So much continues to go unreported in Mexico's Narco-ravaged cities. This becomes especially jarring when you've been living in Boston for the better part of the last year. This is what a normal day looks like at home.
Colombians have mostly abandoned stories of drug lords and their escapades, of good guys against bad guys, and traded them for a more sober and conscious approach. They know that violence is not always an end in itself but the reflection of systemic problems. Without adjectives, without qualifications, Colombia is indeed not Mexico.
The mood in Mexico is so depressing that even Elena Poniatowska, the novelist-journalist who chronicled the 1968 massacre of students in Tlatelolco, feels a chill when she talks about the murder of 43 students in Ayotzinapa, who were found burned to death in a municipal trash dump. At 82, Poniatowska keeps on exposing social injustice in Mexico in memorable books like Here's to You, Jesusa, Nothing No One: The Voices of the Earthquake and thousands of journalistic articles in newspapers and magazines all over the world. This year, she won the prestigious Premio Cervantes, the equivalent of the Nobel for Spanish language writers.
When Iguala, Guerrero municipal police and masked men in unmarked black uniforms opened fire on unarmed students from the Ayotzinapa teachers college last September, killing six people and kidnapping 43 students, they lit the fuse of a national crisis.
Regardless of whether or not it can be considered the Kidnapping Capital of the U.S.A., Phoenix has become a hub for illicit activity, with the state serving as the largest drug gateway into America.
A gathering of thousands filled the streets of Mexico City on Wednesday to protest the disappearance of 43 students in the state of Guerrero last month.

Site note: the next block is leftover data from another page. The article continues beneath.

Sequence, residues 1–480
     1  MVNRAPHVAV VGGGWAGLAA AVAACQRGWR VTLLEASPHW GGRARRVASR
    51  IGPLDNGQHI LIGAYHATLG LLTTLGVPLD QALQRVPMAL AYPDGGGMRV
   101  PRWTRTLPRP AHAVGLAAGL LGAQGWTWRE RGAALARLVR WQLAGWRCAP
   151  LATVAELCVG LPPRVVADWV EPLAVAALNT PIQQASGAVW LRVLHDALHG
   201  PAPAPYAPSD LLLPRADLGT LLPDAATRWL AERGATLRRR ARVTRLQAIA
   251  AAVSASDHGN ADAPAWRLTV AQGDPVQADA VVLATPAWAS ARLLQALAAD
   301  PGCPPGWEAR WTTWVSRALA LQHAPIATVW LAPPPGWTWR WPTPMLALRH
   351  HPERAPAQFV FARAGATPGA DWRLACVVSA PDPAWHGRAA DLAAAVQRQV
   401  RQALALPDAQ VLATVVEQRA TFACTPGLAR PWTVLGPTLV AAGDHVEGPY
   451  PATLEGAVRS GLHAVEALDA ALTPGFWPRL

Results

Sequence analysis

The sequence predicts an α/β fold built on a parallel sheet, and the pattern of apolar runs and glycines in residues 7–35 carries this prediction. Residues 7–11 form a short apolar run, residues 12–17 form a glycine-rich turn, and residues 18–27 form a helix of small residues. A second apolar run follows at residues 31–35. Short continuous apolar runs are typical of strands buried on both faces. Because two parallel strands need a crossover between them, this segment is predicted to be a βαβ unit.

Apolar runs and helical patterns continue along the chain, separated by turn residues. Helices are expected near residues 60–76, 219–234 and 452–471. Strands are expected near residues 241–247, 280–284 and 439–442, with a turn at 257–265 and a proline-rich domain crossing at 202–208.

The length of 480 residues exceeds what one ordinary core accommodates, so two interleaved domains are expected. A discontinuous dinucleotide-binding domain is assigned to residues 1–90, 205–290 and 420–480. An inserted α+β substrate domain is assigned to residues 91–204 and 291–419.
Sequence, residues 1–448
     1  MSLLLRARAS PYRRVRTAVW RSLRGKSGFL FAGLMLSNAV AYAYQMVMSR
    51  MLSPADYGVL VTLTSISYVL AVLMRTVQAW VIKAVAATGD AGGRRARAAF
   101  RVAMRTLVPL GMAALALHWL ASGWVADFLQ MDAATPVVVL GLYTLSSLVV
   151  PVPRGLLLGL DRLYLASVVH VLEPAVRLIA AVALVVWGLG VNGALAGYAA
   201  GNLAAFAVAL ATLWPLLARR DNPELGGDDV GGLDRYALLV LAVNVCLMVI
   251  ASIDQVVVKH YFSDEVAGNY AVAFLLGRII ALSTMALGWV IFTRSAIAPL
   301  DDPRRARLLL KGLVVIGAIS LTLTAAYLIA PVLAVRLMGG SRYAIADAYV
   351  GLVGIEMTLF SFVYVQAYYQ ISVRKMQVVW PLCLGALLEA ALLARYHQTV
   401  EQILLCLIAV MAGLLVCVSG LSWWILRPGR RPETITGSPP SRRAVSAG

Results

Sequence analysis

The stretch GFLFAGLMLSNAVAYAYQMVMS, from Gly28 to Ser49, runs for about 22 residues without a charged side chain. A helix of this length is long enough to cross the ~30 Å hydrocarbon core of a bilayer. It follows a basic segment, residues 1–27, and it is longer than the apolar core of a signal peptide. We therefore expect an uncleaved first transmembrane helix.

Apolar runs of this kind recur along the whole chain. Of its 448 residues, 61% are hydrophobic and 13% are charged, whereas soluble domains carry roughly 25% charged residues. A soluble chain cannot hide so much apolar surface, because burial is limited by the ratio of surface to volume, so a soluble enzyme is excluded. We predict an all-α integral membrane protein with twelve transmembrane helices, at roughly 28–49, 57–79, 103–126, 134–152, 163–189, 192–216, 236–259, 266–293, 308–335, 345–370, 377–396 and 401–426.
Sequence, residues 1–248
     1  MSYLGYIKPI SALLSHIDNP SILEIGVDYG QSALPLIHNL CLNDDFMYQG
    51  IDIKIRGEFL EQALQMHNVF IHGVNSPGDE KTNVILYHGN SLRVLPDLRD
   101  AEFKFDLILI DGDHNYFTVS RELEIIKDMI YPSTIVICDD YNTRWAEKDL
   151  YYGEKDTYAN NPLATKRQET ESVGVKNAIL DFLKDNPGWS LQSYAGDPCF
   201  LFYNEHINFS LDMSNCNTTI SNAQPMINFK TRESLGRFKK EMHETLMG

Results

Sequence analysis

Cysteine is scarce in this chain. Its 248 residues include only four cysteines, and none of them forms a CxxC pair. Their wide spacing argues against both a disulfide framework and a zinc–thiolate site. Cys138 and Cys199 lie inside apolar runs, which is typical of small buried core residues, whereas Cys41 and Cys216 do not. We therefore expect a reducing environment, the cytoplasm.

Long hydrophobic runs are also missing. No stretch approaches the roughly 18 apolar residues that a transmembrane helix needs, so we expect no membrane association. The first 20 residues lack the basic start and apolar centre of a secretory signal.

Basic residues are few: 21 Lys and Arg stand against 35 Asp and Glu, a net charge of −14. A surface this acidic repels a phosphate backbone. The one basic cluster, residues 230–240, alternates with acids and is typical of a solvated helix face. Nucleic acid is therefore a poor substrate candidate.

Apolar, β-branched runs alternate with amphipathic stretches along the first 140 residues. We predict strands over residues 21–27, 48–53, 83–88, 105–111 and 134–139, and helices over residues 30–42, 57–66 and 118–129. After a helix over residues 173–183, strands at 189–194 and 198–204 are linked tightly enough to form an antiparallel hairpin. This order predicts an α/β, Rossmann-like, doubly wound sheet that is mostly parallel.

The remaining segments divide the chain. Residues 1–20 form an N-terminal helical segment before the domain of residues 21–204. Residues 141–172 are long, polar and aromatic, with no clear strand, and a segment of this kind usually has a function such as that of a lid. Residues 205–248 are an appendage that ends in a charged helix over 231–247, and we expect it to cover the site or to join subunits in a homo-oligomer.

Here are five things to consider as we discuss this latest insertion of US military personnel, money, and weaponry into, potentially, another Mideast quagmire -- this one being pitched as the "good" or "justified" Iraq War.
That local politicians, other police forces, and more importantly, the surrounding communities can band together in the face of danger insures that we as citizens can depend upon the general safety and security necessary to carry on with our own lives.
There should be no mystery why the White House is talking the talk of reform. Over 80 percent of the American people support medical marijuana, including as of June 30 the Republican-controlled House of Representatives. Over 80 percent also believe that the War on Drugs has failed.
Some would say that instead of providing more funds to care for children, we should crack down by amending the law to allow for summary deportations, and by dramatically increasing our enforcement capabilities at the border. This reflects neither the reality of the problem nor our values as a nation.
Public opinion polls show that the majority of Mexicans believe self-defense is the best way to protect your community and a larger majority sees nothing wrong with vigilante justice. One could argue that such an outcome is predictable in a country where 105,000 people are kidnapped for ransom every year, where criminal groups blackmail one of every 10 Mexicans and 96 percent of recorded crimes go unpunished.
When Barack Obama meets his Mexican and Canadian counterparts in Toluca, Mexico on February 19, you can expect to hear all three insist that the now 20-year-old North America Free Trade Agreement has been an economic success. The facts tell a different story.
2014 chatter about "Immigration Reform" remains superficial. As Obama promised in his State of the Union address last week, yet again, that this will...
Scandinavian film buffs know about it, as well as other Europeans, but it remains a secret to most North Americans.
Narco Cultura looks into the world of the Mexican drug cartels and how it has spawned a culture that romanticizes and celebrates the bloody exploits of the men behind it. I was able to sit down with Schwarz for an in-depth glimpse into the motivations for this project.
Jon Land moves back and forth from past to present with cinematic ease in all of the books from his Caitlin Strong series, which chronicle the adventures of a female Texas Ranger.